the beauty of small innovation as I was scrolling through my social media feed one day, I stumbled across a news update from Dutch nursing company, Buurtzorg. they are one of those interesting businesses I like to keep an eye on from time to time (and if you have read Frederic Laloux’s Reinventing Organizations, then […]
in the story of your brand, you’re not the hero a while back, I learned that a strong enemy could strengthen your brand. the example that was given at the time was Pepsi versus Coke. and it seemed to make so much sense. many good stories have a hero and a villain, right? so when […]
using the “metaphor of you” to explain the differences between product, brand, branding and marketing “brand” is one of those overused buzz words in the business and marketing world. and in my experience, most people use it to mean “company” or “product”, but not “brand” in its true meaning. some even use it because it […]
at the make sense academy, we have identified eight different groups of stakeholders that you should keep in mind when designing your brand strategy. if you thought the only one that mattered was your potential future customers, don’t be surprised if your brand doesn’t go anywhere. you might sell products on a short-term basis. but you will not build a strong brand in the long run.
when it comes to emotions, opinions, preferences and many other things, they are matters of perspective. most of our thoughts are relative to who we are, where we are, where we come from or grew up. and it is by exposing them to different perspectives that we can better understand our own unconscious biases or implicit stereotypes.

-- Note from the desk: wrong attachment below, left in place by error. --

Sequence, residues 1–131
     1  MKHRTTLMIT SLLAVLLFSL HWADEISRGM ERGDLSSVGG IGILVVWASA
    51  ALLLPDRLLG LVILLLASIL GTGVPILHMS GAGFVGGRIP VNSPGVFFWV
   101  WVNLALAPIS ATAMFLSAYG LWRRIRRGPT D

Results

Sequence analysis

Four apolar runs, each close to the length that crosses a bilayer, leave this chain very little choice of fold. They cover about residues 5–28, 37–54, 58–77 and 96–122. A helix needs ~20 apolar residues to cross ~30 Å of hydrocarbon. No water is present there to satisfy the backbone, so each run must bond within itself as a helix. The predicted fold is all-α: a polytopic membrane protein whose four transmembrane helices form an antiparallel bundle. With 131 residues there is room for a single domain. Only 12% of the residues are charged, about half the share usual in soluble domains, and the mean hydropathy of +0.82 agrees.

no language is better than any other. just like no culture is better than the other. they are different, value different things, structure things differently. they all have their own logic and weirdness. and it is by comparing them that those become obvious, and that you can get to better understand your own, and how it impacted who you are and how you think.
in this overwhelming world where everyone seems to be shouting for attention, softer and more intimate can be welcome. no need to shout if you build a message that is actually welcomed or content that actually matters…
there is a big difference between being available in a different language, and having a true and deep meaning for someone who happen to have a different way of expressing themselves and looking at the world.
even digitally, our senses can be engaged. some brands protect characteristics like strategic sounds or visuals, like the pshit of a bottle opening or the jingle of ice cubes.